If your life is anything like mine, the month of December is intensely busy with activities, to-lists, gift lists and holiday events. Peace and tranquility is what we all want, yet for many, this holiday season is far from peaceful.
Yet, I believe in my capacity (and yours) to cultivate peace this month and and anytime.
A daily yoga practice is key for me. Make your yoga practice count this month. Get to yoga class. If you can’t, unroll your mat or place your cushion, set the time and give yourself 15 minutes of asana, meditation, savasana or all of the above. You will be amazed at how far even 15 minutes will go toward keeping you in a peaceful state. (Want a guided home practice? Click here.)
Practice yoga asana and meditation to calm your nerves, release agitation, and soothe an over-stimulated mind/body. Practice yoga to steep in the sweet serenity of your deepest core. This is shanti, peace surcharged with ecstasy. Commit to your practices so that field of shanti, felt on the inside becomes more and more a quality of your daily functioning: your thoughts, spoken words and actions. Commit to your practices and good habits so that you can stay in the space of open-hearted-ness toward yourself, toward those you love most, toward those who you may find difficult, and toward all beings.
We usually spend more time with family and friends during the holiday season, and thus, the season is an opportunity to cultivate our positive connections with others and spread goodwill. This isn't necessarily easy. Especially in the times we are living in.
To cultivate goodwill, we have to focus on the intrinsic web of unity that binds us together so that our common humanity and common divinity are active in our awareness.
Here is one of my key holiday practices to do this:
To help me keep stay in a spirit of goodwill during the holidays, I focus on the Brahma Viharas, literally the "heavenly abodes", a list of four qualities or mindsets that are embraced by yogis and Buddhists alike as a means for the cultivation of peace inside and out.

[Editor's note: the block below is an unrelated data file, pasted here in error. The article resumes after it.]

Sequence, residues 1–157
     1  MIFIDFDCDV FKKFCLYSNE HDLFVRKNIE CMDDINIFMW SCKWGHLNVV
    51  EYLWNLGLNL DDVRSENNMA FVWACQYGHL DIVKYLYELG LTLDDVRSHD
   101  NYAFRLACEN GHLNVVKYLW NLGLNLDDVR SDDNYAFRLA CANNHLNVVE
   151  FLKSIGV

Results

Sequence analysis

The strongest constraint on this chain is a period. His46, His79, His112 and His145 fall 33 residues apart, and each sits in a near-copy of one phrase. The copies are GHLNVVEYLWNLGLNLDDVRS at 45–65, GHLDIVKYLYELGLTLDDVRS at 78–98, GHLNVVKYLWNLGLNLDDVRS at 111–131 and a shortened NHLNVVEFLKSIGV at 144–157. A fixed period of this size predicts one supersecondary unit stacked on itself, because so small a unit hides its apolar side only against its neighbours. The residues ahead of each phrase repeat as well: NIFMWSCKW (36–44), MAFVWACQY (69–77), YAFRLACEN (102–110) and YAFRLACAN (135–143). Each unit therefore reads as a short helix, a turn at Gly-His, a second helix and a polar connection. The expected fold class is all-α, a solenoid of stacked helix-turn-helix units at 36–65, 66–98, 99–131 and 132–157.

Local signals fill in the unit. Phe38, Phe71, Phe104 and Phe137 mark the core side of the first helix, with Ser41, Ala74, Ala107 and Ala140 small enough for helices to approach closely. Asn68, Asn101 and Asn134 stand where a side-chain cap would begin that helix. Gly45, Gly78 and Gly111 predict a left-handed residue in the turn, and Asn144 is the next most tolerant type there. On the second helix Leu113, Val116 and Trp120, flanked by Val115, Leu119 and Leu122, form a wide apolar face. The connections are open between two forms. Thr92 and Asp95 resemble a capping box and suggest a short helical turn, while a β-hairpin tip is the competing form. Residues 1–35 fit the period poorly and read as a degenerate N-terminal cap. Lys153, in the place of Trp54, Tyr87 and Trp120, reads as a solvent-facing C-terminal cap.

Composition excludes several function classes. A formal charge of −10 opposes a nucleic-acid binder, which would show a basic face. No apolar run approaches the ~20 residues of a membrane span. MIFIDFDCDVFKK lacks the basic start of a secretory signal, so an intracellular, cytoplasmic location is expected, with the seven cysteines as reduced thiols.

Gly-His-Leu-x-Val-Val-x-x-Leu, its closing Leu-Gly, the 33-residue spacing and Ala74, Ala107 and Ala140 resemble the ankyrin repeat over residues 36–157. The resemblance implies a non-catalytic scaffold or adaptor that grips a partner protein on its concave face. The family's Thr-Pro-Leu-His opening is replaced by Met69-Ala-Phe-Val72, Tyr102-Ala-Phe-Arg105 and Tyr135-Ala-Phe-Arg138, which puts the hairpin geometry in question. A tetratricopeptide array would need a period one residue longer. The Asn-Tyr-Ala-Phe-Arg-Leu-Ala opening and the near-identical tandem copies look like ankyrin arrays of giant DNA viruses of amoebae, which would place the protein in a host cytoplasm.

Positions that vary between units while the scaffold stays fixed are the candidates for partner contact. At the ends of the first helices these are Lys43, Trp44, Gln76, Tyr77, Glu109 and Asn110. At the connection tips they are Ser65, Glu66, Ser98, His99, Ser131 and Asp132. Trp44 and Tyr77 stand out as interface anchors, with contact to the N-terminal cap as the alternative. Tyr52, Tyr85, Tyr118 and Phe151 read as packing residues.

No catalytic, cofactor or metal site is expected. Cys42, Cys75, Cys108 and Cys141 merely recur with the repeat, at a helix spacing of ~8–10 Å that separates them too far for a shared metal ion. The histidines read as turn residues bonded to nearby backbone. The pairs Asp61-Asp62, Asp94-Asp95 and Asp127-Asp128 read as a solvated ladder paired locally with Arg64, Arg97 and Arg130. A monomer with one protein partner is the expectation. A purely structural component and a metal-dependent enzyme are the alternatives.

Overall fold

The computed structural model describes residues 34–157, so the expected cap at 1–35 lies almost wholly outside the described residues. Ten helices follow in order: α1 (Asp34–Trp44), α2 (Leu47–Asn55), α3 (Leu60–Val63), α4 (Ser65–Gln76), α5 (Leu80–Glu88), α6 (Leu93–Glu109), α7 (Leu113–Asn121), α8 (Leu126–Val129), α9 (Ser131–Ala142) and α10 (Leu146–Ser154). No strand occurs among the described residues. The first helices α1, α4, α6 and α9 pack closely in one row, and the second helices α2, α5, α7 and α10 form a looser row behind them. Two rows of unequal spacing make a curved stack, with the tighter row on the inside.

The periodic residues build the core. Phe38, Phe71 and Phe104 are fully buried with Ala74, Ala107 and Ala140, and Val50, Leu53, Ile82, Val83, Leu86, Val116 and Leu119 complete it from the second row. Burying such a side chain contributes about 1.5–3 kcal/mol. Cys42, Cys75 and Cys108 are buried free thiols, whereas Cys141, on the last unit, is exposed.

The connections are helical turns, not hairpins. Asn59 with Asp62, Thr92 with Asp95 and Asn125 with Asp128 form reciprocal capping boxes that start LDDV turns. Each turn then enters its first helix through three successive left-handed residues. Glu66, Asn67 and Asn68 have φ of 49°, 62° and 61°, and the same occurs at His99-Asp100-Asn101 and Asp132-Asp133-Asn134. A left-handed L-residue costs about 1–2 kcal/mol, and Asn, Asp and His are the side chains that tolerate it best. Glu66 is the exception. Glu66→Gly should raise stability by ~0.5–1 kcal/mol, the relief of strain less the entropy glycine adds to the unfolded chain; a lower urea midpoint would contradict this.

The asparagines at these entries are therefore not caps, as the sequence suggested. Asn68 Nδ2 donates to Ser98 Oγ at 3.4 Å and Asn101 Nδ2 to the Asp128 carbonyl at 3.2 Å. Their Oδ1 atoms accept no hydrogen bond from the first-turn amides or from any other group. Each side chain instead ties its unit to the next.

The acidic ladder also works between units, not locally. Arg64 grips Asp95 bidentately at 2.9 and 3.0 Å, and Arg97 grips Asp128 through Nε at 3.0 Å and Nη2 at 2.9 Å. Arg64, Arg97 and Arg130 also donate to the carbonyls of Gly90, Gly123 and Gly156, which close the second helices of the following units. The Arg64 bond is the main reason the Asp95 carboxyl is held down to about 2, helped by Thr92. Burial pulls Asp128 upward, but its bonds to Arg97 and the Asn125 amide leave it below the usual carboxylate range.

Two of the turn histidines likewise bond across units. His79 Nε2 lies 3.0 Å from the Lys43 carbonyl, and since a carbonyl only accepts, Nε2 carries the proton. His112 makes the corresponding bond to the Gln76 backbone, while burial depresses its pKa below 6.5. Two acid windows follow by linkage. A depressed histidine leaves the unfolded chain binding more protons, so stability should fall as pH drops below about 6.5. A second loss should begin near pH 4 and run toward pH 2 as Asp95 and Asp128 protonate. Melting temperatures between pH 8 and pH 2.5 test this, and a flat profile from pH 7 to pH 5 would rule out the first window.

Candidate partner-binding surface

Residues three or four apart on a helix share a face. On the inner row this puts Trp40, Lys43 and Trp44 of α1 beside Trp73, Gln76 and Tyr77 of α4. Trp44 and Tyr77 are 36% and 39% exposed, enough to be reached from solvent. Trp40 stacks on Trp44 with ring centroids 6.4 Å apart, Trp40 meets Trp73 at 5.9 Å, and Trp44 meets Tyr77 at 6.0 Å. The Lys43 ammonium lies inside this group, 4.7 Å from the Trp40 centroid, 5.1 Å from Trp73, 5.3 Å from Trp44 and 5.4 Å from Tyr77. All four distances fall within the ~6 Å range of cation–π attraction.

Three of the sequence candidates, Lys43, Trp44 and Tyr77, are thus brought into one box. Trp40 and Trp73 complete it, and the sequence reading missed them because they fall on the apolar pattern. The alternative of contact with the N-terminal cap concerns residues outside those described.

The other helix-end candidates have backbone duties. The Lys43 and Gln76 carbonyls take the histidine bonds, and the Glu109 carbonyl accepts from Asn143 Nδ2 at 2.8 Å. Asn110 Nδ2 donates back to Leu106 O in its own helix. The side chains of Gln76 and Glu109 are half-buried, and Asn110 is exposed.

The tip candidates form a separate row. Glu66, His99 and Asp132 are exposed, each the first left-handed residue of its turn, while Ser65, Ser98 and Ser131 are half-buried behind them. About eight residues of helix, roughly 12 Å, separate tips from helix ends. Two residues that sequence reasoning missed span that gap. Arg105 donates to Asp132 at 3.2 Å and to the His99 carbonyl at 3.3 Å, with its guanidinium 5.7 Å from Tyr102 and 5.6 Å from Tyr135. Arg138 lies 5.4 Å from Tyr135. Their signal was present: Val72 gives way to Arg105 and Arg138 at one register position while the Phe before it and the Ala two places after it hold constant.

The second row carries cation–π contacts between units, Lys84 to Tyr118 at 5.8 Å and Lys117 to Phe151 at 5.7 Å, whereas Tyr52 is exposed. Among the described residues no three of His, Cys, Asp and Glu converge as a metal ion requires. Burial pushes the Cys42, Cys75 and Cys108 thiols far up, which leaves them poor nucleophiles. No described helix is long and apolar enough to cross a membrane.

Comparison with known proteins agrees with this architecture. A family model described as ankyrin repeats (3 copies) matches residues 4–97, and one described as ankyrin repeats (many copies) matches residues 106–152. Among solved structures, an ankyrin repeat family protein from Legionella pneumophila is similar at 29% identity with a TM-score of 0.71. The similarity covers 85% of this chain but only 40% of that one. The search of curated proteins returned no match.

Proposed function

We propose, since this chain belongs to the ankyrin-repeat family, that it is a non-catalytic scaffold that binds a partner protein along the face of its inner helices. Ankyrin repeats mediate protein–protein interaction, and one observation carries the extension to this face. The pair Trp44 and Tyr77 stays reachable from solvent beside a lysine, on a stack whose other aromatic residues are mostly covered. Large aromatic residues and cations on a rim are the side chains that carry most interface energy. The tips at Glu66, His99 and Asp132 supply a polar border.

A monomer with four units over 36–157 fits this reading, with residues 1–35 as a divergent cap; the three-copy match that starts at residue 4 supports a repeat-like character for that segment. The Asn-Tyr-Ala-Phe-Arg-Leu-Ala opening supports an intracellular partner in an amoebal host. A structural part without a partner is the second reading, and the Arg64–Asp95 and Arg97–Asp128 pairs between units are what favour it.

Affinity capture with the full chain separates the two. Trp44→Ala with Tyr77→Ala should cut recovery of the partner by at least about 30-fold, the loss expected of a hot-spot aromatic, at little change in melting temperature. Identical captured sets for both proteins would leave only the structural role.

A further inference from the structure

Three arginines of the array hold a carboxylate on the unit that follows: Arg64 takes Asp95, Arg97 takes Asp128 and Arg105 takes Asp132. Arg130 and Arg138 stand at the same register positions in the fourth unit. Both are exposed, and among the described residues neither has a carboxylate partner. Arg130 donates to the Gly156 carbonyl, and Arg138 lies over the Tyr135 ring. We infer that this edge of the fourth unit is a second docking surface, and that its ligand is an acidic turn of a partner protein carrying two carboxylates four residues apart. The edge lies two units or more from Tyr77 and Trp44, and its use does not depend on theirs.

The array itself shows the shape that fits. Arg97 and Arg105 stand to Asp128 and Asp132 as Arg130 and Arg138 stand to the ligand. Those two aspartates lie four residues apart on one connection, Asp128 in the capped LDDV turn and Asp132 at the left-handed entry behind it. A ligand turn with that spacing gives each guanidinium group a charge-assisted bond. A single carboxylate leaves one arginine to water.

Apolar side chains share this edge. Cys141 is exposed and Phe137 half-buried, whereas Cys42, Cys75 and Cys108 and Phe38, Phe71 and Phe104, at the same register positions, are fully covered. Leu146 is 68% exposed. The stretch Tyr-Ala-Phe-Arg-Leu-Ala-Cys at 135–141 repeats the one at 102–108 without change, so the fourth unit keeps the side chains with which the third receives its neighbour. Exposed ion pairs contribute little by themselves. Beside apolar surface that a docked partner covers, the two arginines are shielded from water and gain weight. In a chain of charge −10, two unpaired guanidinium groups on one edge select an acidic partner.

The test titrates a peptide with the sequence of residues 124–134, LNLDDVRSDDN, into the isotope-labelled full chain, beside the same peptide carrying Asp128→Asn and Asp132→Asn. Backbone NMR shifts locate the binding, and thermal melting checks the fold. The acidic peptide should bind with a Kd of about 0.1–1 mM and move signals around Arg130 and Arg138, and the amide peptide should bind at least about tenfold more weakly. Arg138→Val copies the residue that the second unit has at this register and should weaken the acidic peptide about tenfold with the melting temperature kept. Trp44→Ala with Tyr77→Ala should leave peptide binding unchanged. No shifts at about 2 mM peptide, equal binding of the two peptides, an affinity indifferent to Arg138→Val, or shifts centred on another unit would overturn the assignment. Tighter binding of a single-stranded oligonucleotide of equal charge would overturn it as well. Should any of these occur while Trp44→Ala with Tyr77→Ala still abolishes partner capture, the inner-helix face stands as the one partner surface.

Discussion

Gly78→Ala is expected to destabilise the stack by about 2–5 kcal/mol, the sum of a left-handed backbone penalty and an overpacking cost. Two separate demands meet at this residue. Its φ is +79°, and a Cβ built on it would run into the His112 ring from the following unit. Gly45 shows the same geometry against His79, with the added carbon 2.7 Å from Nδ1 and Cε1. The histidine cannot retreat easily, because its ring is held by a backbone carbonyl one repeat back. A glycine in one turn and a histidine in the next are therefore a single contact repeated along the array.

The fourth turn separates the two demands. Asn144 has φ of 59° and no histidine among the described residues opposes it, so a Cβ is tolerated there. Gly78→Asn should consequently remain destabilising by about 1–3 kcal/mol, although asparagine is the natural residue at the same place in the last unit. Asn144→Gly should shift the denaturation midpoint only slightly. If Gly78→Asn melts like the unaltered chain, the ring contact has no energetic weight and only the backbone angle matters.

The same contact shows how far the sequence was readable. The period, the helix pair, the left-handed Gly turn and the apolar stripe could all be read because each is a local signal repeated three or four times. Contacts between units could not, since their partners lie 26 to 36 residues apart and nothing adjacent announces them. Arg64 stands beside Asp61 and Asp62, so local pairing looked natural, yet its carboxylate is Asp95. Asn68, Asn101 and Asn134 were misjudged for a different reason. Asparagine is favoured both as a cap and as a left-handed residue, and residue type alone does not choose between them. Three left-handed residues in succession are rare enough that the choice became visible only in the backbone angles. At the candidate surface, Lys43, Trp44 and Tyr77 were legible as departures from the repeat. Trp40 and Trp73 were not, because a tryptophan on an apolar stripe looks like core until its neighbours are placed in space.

The Brahma Viharas are:
Maitri – friendliness and loving-kindness, the wish that all sentient beings be happy.
How to practice this: Take care of your own happiness first! To express goodwill toward others, you have to fill up your own happiness cup first. Be friendly and kind to yourself first and you will activate your natural capacity to be kind to others.
Karuna – compassion, the wish for all sentient beings to be free from suffering.
How to practice this: Cultivate the attitude of interacting with others on the basis of your shared humanity. Compassion is to see someone eye to eye even when it’s uncomfortable. Be willing to lean into conversations and practice deep listening.
Mudhita – empathetic joy, the wholesome attitude of rejoicing in the happiness and virtues of others.
How to practice this: Emotions are contagious. Happiness is contagious. Brain studies are proving this with the study of mirror neurons. Surround yourself with positive and happy people. This will increase your odds of being happy.
Upeksha – over-looking, equanimity, literally “over-looking”, to look high rather than low, to focus on the highest in ourselves and in others, to stay broad-minded and in a state of equanimity with regard to ourselves and others.
How to practice this: Watch your nagging, especially with the people you live with! Instead, practice seeing these people in their highest, and helping them succeed. (This is particularly good advice for parents and spouses!)
Om Shanti, Shanti, Shanti
May there be peace. May there be peace. May there be peace.
Annie Barrett. Educator, certified health coach, educator and yoga instructor.